Reverse Engineering of CAD Files: 5 Best Tools and Techniques

Reverse engineering, also known as backward or back engineering, is the process of reconstructing a product’s design data in a format from which new parts can be made.

To put it simply, to reverse engineer an object means to dismantle it to see how it works. Many things can be “studied” this way such as software, machines, military equipment, and even CAD files. The method gets more accessible with the increasing popularity of 3D printing.

Depending on the technology, the knowledge gained during reverse engineering can be used to repurpose obsolete objects, do a security analysis, or gain a competitive advantage. But often, the goal of reverse-engineering software is to find a way to replicate an object, creating a similar product.

This poses a serious threat to IP when it comes to CAD files, as they can be easily modified or duplicated. Changing a small part of an unprotected CAD file makes it a different file from a legal perspective.

How does the reverse-engineering process work?

The process consists of several stages and depends on the object on which it’s being performed. Generally, the process goes as follows:

  1. Collecting data. The first thing an engineer needs to figure out is how the parts of an object fit together. Data may be collected in several ways, with 3D scanning allowing designers to account for as many details as possible. The method works by stitching together photos from different angles to form a three-dimensional object. However, depending on the piece geometry, measurements can be carried out with metrology equipment.

Scanning techniques and tools

Xtract3D is an add-on installed on SolidWorks. Designed specifically for reverse-engineering purposes, it aims at the proper tracing of even the most complex and organic shapes. Then, the model may be used in any CAD program. It only requires SolidWorks to function and uses a subscription model, with a minimum three months purchase.

Fusion 360 is an Autodesk program that can be used both to work with CADs and 3D scans. It also provides several analytics tools for stress simulations and shapes optimization. The program is free for students, educators, and small businesses.

Artec3D offers a wide range of 3D scanners, from handheld to metrology-grade ones. The company also offers software aimed at simplifying the scanning process. It may take some time for users to get acquainted with the scanners, but it’ll be worth the trouble. It also has an autopilot feature easing the process for new users.

RecFusion is a solution for creating 3D models in real-time. It supports a large variety of sensors like Azure Kinect, Intel RealSense, Orbbec Astra, and others. The software has two versions: the standard single-sensor one and the multi-sensor “PRO” version, both designed for Windows OS only.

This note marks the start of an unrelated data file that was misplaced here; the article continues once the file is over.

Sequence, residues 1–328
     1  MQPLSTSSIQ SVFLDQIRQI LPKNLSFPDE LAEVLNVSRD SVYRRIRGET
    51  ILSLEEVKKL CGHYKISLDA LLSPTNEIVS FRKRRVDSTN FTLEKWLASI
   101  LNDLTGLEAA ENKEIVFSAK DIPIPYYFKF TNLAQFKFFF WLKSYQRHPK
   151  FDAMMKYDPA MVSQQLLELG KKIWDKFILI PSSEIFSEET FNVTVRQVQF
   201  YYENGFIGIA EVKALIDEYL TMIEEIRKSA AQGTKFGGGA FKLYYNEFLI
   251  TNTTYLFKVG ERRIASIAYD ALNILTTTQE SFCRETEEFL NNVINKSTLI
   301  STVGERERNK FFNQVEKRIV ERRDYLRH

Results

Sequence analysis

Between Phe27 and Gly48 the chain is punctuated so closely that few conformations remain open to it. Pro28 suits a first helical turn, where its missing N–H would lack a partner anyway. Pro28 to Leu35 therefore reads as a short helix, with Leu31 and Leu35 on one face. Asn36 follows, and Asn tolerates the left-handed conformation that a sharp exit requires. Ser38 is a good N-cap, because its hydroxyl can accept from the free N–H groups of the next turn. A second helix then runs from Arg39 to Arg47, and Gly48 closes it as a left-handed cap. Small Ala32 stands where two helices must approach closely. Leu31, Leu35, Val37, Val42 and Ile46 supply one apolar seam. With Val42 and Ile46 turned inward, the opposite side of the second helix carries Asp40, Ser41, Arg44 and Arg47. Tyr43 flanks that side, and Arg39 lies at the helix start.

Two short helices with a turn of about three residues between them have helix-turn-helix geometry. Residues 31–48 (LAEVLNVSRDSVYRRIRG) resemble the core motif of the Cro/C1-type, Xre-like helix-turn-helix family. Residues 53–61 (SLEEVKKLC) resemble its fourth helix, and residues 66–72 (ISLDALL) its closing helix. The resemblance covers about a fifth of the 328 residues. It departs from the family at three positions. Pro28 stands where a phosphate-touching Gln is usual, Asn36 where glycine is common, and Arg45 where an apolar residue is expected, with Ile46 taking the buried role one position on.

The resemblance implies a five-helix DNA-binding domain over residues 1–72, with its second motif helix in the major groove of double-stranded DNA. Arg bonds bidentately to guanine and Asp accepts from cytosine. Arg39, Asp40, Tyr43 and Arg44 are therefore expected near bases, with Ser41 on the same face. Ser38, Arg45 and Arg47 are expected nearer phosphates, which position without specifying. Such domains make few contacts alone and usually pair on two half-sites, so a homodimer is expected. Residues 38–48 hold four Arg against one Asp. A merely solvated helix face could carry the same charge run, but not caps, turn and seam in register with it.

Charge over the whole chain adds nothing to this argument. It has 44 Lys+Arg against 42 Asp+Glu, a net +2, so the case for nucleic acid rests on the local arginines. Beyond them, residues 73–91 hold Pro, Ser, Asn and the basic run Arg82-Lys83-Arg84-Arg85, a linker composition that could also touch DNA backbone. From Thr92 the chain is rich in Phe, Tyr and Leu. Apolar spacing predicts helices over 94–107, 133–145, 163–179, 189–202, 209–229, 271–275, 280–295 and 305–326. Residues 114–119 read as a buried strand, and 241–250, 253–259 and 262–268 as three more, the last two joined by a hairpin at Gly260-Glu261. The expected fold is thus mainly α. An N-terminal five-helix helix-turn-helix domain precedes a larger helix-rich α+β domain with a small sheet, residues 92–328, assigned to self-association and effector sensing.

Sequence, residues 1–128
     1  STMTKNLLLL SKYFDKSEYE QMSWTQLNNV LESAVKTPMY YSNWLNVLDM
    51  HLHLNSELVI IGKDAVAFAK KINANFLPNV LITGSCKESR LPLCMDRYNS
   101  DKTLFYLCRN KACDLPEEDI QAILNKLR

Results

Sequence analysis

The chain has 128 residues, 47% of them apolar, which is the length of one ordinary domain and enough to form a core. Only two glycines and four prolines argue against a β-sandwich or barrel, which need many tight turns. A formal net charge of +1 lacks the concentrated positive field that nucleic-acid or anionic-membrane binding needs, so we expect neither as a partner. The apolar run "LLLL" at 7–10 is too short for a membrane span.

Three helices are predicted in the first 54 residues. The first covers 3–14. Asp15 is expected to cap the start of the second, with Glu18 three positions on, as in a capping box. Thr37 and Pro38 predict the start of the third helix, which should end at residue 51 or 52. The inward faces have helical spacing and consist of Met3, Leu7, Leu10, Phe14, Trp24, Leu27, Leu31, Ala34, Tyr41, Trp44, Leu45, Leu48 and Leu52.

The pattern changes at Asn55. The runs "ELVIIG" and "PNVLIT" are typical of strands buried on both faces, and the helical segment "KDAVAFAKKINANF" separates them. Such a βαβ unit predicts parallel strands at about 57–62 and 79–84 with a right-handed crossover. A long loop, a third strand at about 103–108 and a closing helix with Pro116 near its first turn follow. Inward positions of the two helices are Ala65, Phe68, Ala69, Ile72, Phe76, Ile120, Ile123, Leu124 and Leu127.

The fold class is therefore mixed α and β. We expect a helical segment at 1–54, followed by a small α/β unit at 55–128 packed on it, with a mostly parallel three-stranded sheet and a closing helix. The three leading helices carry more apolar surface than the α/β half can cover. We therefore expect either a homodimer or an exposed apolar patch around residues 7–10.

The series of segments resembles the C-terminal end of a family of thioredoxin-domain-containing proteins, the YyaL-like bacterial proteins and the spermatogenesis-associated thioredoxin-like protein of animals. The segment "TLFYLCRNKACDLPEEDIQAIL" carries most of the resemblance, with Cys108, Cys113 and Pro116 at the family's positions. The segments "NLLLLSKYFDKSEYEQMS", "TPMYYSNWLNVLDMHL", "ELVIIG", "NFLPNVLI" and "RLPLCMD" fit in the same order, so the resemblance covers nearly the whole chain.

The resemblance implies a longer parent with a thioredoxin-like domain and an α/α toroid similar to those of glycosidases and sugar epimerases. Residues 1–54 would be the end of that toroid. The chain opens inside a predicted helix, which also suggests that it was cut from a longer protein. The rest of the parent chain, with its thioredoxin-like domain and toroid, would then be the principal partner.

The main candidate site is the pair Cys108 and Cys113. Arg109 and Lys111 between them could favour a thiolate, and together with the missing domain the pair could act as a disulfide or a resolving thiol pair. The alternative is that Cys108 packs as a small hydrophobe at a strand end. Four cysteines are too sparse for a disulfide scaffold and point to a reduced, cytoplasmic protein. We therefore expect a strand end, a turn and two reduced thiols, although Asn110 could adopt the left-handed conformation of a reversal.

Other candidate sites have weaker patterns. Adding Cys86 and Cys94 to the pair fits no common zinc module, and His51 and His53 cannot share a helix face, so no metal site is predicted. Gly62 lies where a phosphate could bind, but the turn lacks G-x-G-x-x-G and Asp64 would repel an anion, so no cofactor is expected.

Qlone stands out as the most user-friendly smartphone app for 3D scanning that works with either Android or iOS. The app uses augmented reality (AR) to help the user figure out how to scan things. The app requires a special QR-code-like platform that may be printed on regular paper. The platform limits the size of a scanned object serving as a tracking feature for the app. The app uses a freemium business model, according to which you can scan objects with no money charged, but exporting a 3D scan isn’t free.

Challenges related to reverse engineering

Things are relatively simple with machinery — as long as you have obtained the original object legally, nothing stops you from disassembling it to learn how it works. But reverse-engineering software to copy or duplicate CAD files may constitute a copyright law violation.

When a reverse-engineering case is brought to the court of law, the original owner of the files must prove that they created it or own the patent or copyright. Patenting CAD files is a challenge too, but it may be enough, since copyright violators may slightly change your original design to make it look different. And in this case, one needs a team of specialists and lawyers to prove that the design was modified. This is rather expensive and very time-consuming.

But there is an easier way out — meet BORIS, our Autodesk Inventor plugin. It registers CAD files on blockchain, time-stamping the object so that the owner always has proof of creation over the file.

The solution uses the CADTrack web interface that connects files to the owner and makes it possible to observe all changes made over the files. This makes it possible to transfer files safely over the internet, as blockchain is known to be tamper-resistant, so no changes can be done to it, without approval.

Try BORIS out for yourself, register for beta!

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CADChain is a software company utilizing blockchain and legal tech to create solutions for IP protection